CPU Temperatures
Or course,the question probably on your mind is whether this fanless design can actually keep a CPU from melting down.  The results are….well, I’m not entirely sure.  At overclock3d.net, the CPU got up to 86 degrees C using special stress test software.  This number is pretty damn high.  Some claim it’s way too high.  Others say that you will never push a computer that hard in real world conditions….even rendering intense audio.  Whether this is true or not I can’t say.  At idle the numbers looked great.

A fanless system is going to rely HEAVILY on the ambient temperature of the room.  In other words, those fanless heatsinks are going to perform much better in highly controlled (cool) conditions.  The Jimmy Carter thing about “just putting on a sweater” in the winter is going to work well.  In the summer, you may be cranking the AC temperature way down and still wearing a sweater.  Not sure.

The fact that the computer comes with a 2-year warranty shows that SilentPC.com backs these things ups and does not expect an epidemic of meltdowns.

Conclusion

Regardless of the higher cost of totally silent hard drives, QuietPC.com seems to have a hell of a service with happy customers (not that any of us  post rapist accusations on our commercial websites)  and they are doing it for a price that I certainly can’t compete with.  The fanless case, fanless power supply, and fanless heatsink are over $400 on their own for parts that I’d normally spend maybe $100 on depending on the budget.  QuietPC.com is doing something right.

While it’s not exactly clear how well the computer will handle what I presume to be kinda-heavy CPU demands of audio processing, the company gives you two years to blow it up before you are on your own.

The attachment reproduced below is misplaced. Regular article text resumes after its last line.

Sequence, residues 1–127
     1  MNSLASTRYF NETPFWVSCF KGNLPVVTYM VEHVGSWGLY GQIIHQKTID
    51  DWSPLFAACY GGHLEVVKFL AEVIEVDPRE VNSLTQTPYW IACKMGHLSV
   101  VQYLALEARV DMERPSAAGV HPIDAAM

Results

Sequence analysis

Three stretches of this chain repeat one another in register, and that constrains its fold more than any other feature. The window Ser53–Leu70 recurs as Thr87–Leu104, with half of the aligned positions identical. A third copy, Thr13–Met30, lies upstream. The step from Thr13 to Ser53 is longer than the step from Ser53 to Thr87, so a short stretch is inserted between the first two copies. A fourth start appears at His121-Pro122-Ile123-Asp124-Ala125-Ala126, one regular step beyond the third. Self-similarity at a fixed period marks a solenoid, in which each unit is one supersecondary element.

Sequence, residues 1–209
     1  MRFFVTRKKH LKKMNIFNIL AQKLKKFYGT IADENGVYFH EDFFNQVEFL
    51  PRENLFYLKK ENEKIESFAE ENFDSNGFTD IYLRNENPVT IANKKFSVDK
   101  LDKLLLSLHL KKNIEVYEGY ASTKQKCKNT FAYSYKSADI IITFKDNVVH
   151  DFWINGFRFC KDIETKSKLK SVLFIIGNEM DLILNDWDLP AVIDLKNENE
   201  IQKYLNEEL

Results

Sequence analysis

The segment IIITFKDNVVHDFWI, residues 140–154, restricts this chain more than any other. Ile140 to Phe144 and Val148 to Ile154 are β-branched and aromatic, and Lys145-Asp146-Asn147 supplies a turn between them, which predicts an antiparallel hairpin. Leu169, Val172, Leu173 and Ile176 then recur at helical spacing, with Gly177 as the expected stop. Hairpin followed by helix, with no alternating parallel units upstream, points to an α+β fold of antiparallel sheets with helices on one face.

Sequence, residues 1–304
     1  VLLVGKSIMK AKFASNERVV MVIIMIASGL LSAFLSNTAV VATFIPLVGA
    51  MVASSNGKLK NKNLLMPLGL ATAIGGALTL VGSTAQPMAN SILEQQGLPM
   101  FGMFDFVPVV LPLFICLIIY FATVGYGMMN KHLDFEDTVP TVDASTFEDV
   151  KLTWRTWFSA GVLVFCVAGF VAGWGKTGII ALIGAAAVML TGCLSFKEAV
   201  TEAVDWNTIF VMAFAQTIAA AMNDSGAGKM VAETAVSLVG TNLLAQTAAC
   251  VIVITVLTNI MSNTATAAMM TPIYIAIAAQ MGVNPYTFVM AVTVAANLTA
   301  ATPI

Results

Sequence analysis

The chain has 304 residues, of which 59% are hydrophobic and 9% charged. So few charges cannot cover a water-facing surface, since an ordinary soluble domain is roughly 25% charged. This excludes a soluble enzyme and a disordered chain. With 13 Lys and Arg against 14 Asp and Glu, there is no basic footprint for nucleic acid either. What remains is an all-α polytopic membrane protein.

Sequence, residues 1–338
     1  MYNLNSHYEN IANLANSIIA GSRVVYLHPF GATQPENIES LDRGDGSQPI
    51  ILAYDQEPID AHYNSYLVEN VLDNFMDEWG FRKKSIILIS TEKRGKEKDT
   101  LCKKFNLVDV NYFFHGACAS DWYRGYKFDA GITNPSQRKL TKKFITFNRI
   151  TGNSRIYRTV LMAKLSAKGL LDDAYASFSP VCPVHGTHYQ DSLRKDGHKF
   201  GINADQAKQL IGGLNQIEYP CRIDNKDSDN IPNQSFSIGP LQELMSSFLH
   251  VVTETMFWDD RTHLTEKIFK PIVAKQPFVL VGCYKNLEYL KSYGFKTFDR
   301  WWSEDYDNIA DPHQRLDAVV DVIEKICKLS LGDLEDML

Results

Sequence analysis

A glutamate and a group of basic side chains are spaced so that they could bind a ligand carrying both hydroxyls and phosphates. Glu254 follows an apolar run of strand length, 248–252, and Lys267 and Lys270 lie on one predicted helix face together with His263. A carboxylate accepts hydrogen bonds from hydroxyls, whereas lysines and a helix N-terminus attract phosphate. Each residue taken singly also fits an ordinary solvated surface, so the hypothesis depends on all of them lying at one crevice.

This whole fanless design business has potentially epic implications for us noise makers.  While I’m not necessarily endorsing it, I’m excited as hell as what this means for 2015.  It may be the way to go in 2013.  ;)

Brandon

Saved Comments


JoshERTW – 11-20-2012, 08:11 AM
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I haven’t looked into it too much, but there are some water based CPU cooling units that I think are also fanless, and run about $50-$70 or so.

When I built my most recent computer I opted for a $20 fan that had copper heat sinks (synchs?) and it’s quiet enough that the fan noise is never an issue.

That said I use gobo’s to create makeshift vocal booths/guitar box / drum room when I’m recording anyways so I’ve got pretty good separation to begin with. The furnace is more of a concern than the CPU fan

Danny Danzi’s Avatar
Danny Danzi – 11-20-2012, 08:21 AM
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Hey Brandon, yeah that 86 C would scare me big time. That can’t be good for the cpu, the motherboard or anything else in that box. That’s 186.6 F! I run some intense stuff on my boxes here. The most I ever see with a full video load or intense audio project is a toggle of 63-65C. My normal idle temps or for normal jobs or rendering are 41C to 49C. But 86….man, the thought of that just scares me.

As for USB 3.0 drives, I can vouch for them brother. Absolutely incredible. Anywhere from 90-120 MB’s per second. I have a few Iomega’s and a few Glyph’s. The Iomega’s I have are really cool and have this software that allows you to literally snap shot your entire pc and use it on another system. All your programs, plugs…everything. You just plug it into another system, and bang…your pc comes to life on someone else’s box if you need it. Pretty neat to have.

Noisy pc’s: Mine are actually VERY quiet. I have killer quiet fans on them plus sound-proofing on my boxes. That stuff really makes a difference. I can record in my control room and not hear any fans at all, so that’s a good thing.